Toney Butler

Toney Butler loiters outside the center for the visual arts in Denton waiting to go to St. Andrews for lunch where he goes every day. He’s a private person and keeps to himself

“No not really. I had a few friends here but not lately, you know?” Butler laughs, “Kind of burned those bridges.”

Butler, from Lewisville, is staying at the Denton homeless shelter right now and has for the past year and a half. He’s not sure what caused him to be homeless. He says he is looking for work but hasn’t thought about what he wants to do and will go to the Denton Public Library to “do different research and stuff on the library computers.”

Student, Chipotle, Denton, Denton Square, Medical School

Gloria and Gladys

After interviewing Megan, the wind that pushed the clouds out of the sun’s way continues to keep the air cool. I walk around City Hall and spot the source of the cold.  Gloria sits next to her cousin Gladys on a bench on the square. Gloria pulls a burrito and Gladys a bowl from the brown Chipotle take-out bag that separates them. The older of the two firmly plants her back against the wood with confidence as Gladys strains to avoid it.

The wind picks up and Gloria rotates her shoulders to talk to Gladys better as the latter starts on her bowl. Despite living less than 30 miles down 35, Gloria hasn’t seen her “in a while” and decided it was time to visit her apartment, hang out and talk. I walk around and interview two other women as I keep them in the corner of my eye.

After graduating from Lewisville High School, Gloria went to UT Dallas and studied neuroscience. Now she’s completing a master’s in public health and is planning on medical school. Gladys, from Garland, lives in an apartment in Denton while she studies biology in a Bachelor of Science program at TWU. Gladys hopes to join Gloria and two of their cousins in medicine.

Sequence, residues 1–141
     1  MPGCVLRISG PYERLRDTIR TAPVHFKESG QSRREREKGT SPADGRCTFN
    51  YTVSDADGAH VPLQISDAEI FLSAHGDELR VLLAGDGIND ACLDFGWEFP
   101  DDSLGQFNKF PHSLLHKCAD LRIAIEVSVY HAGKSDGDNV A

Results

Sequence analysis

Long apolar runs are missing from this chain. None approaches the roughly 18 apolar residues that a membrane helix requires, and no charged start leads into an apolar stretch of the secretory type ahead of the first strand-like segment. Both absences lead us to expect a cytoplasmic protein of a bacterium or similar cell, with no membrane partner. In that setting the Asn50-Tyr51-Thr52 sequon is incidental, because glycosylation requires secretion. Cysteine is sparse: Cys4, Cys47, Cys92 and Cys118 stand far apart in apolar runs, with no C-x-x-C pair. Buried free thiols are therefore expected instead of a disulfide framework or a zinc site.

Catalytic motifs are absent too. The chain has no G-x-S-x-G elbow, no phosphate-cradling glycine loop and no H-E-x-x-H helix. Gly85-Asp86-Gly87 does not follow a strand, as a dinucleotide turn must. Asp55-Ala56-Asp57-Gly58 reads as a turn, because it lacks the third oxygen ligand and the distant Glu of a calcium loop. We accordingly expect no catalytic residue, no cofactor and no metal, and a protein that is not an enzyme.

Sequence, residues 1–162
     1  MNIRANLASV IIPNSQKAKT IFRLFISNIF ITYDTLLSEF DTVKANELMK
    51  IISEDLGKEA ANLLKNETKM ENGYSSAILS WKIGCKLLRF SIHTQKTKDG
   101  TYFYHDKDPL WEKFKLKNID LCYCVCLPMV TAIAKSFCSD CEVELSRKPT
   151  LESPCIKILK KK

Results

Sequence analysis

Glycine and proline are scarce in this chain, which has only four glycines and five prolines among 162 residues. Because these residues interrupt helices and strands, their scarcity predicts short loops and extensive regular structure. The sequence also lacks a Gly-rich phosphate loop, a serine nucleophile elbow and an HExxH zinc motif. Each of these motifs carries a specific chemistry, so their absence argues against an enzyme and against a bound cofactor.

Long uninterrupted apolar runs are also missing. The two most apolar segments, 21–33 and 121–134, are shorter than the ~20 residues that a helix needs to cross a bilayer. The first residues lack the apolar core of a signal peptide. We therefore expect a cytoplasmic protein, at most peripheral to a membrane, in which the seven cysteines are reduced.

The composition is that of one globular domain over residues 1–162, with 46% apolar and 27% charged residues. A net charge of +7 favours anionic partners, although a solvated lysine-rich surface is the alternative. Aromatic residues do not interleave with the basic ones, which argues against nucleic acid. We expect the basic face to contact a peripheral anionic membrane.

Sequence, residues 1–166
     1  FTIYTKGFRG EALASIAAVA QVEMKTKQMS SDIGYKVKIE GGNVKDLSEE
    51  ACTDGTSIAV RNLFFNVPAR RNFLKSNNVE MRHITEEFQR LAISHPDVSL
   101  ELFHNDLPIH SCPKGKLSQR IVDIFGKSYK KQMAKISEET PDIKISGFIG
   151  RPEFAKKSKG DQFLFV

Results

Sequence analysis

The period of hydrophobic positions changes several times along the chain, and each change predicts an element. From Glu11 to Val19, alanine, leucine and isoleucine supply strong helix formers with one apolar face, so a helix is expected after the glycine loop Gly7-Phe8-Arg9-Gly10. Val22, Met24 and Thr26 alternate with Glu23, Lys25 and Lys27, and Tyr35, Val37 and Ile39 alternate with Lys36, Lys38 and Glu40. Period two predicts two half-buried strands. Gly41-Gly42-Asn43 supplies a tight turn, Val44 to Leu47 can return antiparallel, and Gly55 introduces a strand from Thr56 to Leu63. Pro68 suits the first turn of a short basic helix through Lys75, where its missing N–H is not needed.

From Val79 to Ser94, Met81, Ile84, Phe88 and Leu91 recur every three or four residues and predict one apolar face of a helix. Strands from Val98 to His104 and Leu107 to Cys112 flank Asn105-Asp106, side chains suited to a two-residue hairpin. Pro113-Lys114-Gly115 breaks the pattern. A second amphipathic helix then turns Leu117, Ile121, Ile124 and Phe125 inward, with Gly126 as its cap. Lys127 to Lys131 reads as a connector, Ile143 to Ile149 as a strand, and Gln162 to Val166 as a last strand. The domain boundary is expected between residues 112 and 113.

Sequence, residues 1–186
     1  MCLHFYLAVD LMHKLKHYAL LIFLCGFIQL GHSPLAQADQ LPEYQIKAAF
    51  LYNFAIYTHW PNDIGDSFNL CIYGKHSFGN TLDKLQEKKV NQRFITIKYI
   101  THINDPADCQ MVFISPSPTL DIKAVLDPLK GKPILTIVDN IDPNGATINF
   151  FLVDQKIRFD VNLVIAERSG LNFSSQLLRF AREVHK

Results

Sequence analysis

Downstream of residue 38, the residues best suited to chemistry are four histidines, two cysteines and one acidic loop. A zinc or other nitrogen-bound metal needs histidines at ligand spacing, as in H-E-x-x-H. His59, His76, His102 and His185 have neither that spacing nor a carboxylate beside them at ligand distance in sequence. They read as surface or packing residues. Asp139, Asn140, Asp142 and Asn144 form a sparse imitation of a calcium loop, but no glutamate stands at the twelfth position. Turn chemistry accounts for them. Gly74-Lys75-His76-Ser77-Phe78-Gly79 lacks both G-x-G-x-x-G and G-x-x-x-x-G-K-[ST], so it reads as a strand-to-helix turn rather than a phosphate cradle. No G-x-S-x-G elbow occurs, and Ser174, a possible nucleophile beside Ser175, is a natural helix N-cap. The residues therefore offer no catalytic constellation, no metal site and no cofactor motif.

I finish interviewing Ana and Barbara, look back over at Gloria and Gladys. Gloria whispering to Gladys who smiles as she takes another small bite from her food. It looks like they’re almost done. I better go grab then now before they walk away. I explain myself and extend the invitation for an interview, which Gloria accepts for the two with skepticism. I start the recorder. Gladys continues to eat but I notice Gloria hasn’t  started on her burrito.

“What makes you the most happy in life?” I ask after some introductory questions Gloria answered.

“God,” Gloria says. She’s firm- it’s the only logical answer.

“And family,” Gladys adds for her cousin, her back still arced over the Chipotle bowl in her lap.

An awkward pause.

“What’s the worst thing in life?” I direct toward Gladys.

“Hate. Suffering,” Gladys responds.

“To me it’s not fulfilling your purpose…”Gloria tries to add.

“Failure,” Gladys responds again.

“Yeah, I mean you’re talking short term versus long term. If you’re looking at the long term, the general purpose of life, I think that the worst thing could be to live indifferent and sort of jaded- a mediocre existence. Being mediocre would be the worst thing that could happen in your life. Not fulfilling the purpose…”

Gladys plants her palms down and picks up her chin to cut her off, “Of what you’re supposed to do. What you’re called to do.”

“[I never feel like I’m not fulfilling that] because even being pre-med and all that, and I know a lot of people say it, I know the stuff that I’ve gone through and am going through now is moving me toward that goal of caring for people. Obviously you don’t have to be a doctor to help people and care for people. There are so many ways I could reach out to others. But this is the particular way I am supposed to be walking… as a doctor. No, not only as a doctor. I plan to be a counselor also.”

“I’d agree with that too and also failure maybe. Like not living up to your full potential. I feel like everyone has that thing they’re supposed to do and a lot of people don’t live up to it and spend the rest of their lives regretting. So I guess regret would be another one of the worst things that could happen.”

“Have you ever experienced regret?”

“I’m really young, so I guess not really, not yet. I mean hopefully I never have to experience it. Every day is a new experience and that’s how I’m trying to take it and not regret anything because, in all the experiences I had, I had a choice. I don’t regret anything yet, that I’ve done.”

“Obviously, there are things that you look back and go realize it would have been wise if you had done such and such. But in the end, I know that the things that you did wrong you can look back and realize you learned something from it.”

“And you can laugh about it too.”

“And not only that but, I’m not trying to get religious on anyone but when you walk with God, all your regrets and those things in life will be sure to work out in the end. That’s my philosophy,” Gloria says as she finally savors the first bite of her burrito.